While reading in Bethge’s biography of Bonhoeffer I’ve come across what I’ll call a discrepancy in the movie documentary “Bonhoeffer: Agent of Grace.” I know a lot of people are being introduced to Bonhoeffer for the first time through this film and I do love the film. I have one beef at this point. It describes Bonhoeffer’s time in London as an escape of sorts from the church struggle in Germany. The problem is more in what is not said than what is said. He spends eighteen months in London and then comes home and finds things have changed. I’d say that was misleading. The exact words come at 41:51 into the film if you want to check.
“Bonhoeffer removed himself from the crisis by accepting a position with a German church in London England.” After this come John DeGruchy’s words:
“When Bonhoeffer comes back 18 months later, after he’d gone to London, and becomes involved in the church struggle again, in the first instance it’s a struggle around the question of the church’s freedom to preach the gospel. Not around the Jewish question. But then gradually Bonhoeffer recognizes that the real question is not the freedom of the church to preach the gospel, the real issue is the freedom of the church to actually stand by the victims.”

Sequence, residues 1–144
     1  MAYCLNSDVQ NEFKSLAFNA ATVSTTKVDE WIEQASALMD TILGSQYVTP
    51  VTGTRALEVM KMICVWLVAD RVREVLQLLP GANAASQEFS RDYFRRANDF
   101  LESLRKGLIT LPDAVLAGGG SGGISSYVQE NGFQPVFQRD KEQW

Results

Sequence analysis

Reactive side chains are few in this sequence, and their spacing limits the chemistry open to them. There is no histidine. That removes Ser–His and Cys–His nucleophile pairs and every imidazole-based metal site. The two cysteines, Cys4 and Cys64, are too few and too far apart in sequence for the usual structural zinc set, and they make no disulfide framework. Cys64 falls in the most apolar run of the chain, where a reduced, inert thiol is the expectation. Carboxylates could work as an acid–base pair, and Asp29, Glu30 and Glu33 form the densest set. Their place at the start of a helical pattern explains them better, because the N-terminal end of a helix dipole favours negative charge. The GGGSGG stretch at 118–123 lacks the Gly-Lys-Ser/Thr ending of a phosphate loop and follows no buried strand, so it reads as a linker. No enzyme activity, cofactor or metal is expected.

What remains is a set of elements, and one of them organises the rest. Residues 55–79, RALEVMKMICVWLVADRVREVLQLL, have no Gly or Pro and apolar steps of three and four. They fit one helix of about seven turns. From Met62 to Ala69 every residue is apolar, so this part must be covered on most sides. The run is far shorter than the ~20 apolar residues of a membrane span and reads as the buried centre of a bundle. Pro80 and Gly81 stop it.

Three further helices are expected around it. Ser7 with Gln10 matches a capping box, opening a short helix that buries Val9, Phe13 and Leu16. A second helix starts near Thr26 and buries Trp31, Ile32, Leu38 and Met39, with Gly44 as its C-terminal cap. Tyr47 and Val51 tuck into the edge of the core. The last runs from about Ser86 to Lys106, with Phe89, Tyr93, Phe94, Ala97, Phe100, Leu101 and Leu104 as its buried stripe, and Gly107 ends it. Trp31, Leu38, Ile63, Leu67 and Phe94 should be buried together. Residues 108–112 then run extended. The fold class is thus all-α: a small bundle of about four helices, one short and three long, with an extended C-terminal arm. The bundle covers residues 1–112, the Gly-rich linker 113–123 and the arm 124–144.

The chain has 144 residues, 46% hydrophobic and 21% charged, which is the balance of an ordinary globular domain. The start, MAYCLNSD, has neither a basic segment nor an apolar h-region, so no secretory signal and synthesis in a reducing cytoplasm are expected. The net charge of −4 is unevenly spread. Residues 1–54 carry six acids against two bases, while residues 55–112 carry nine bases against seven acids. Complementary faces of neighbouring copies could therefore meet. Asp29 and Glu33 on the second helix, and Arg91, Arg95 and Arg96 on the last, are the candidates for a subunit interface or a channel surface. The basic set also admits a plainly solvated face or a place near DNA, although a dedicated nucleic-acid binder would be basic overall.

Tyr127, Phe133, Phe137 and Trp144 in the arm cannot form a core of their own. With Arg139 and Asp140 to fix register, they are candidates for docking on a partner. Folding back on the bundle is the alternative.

From what I’m reading in chapter eight (which I have not blogged to yet, sorry) London is a big part of the church struggle. Those expatriot churches outside of Germany are a threat to the Nazi regime early on because of their connection with foreigners. For this reason the Bishop must tread carefully. Bonhoeffer plays this for all its worth. Bethge points out that though this is Bonhoeffer’s first pastorate, because he travels every other week back to Berlin and is so involved in bringing word back and forth from inside and out of Germany, he can’t settle down into normal pastoral duties. He never fully experiences the peace he intended.
As for DeGruchy’s comments, I’ll have to come back to this later when I’ve read the next chapter.